Jaci Armstrong, National Policy Advisor at Guide Dogs Australia, with her guide dog Bess.

Whilst we have been experiencing a new way of life for the past few months, many in our community have been adapting to what’s become their permanent new normal for years while demonstrating a lifetime of ingenuity and resilience unimaginable to others.

Jaci Armstrong i​s National Policy Advisor at Guide Dogs Australia and a client of FutureBrand​. Although Jaci’s experience with sight loss and the physical isolation brought on by COVID-19 differ wildly, her experience in adapting to change offers invaluable lessons for us all.

We are grateful that we can continue to learn from our clients and thought it an opportune time to share Jaci’s experience. It’s a reminder to our FutureBrand community of the value of empathy, resilience and optimism, as we grapple with the changing world around us.

“When I lost my sight, I distinctly remember having a conversation with my mum and her saying you’ve got two choices. You can sit at home and say your life is going to be limited or you can connect with the people who will help you find a solution, like Guide Dogs Australia. I was fortunate to be raised in an environment where I was taught to focus on a solution.”

Today, Guide Dogs Australia's portfolio of services has expanded to include much more than dogs, stretching to occupational therapy, orthoptist assessments and even classes for those with low vision and blindness to learn everyday skills like cooking and technology. This breadth of services allows them to partner with clients – from newborn to ninety – to find the solution that’s right for them.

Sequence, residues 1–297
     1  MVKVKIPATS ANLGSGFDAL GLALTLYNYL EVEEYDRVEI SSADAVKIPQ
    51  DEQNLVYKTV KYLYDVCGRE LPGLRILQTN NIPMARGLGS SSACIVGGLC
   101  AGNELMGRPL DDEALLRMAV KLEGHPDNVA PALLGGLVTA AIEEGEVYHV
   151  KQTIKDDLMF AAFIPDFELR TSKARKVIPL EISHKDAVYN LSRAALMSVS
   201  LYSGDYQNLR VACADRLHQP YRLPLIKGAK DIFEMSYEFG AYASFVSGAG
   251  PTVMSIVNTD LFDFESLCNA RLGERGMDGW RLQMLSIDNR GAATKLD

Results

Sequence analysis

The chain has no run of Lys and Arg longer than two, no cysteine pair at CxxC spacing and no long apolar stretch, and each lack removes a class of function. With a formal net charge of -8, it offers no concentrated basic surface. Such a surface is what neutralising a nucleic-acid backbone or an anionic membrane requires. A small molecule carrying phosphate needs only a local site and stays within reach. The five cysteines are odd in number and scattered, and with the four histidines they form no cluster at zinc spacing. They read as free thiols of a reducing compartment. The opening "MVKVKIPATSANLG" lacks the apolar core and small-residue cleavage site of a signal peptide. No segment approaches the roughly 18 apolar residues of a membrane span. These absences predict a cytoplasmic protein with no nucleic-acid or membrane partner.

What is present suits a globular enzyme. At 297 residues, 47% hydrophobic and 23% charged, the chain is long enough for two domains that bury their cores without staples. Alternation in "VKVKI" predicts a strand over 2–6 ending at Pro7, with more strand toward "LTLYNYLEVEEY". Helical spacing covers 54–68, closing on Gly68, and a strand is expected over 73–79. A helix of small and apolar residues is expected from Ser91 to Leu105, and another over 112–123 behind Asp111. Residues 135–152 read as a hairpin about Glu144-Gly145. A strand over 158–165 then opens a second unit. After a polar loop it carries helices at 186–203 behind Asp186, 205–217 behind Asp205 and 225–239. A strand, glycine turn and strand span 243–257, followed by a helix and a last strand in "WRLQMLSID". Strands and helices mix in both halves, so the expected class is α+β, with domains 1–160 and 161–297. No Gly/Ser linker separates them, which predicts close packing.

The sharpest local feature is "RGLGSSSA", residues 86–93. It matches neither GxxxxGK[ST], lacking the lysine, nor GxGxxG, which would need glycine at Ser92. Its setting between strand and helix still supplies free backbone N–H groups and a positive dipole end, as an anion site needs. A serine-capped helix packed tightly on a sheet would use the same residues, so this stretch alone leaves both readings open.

The shift Jaci experienced when losing her sight - and understanding her new normal - runs in parallel to how many of us are learning to adapt to this changed world.

In Jaci’s own words: “Life is now different for us all and we have to find new ways to be fulfilled, productive, happy and mentally strong. We can draw from the ingenious, problem-solving ways that people with low vision have learnt to get through the grief process, and come out the other end happy with the life they have.”

The key, Jaci believes, to coming out the other side is resilience and resourcefulness.

“When people haven’t been set-up to be resilient and break through those barriers, they stay in a place of discomfort, and almost become comfortable in that discomfort, because it’s easier than pushing through those barriers.”

Overcoming those barriers alone is no mean feat and as humans very few of us want to take significant risks without knowing we have a way back if things go wrong.

“This is where support and partnership is so important. It’s having someone to say: ‘it’s not easy but we’ve got your back’.”

At a time when the world as we know it has changed, Jaci would remind us to focus on the opportunities that lie ahead, not just the challenges.

“Be adaptive. Be patient, where possible. And be receptive, as everyone is having very different experiences.”

So it may be that the world will look different at the end of all this, but as organisations and humans, we’ll be stronger for it.

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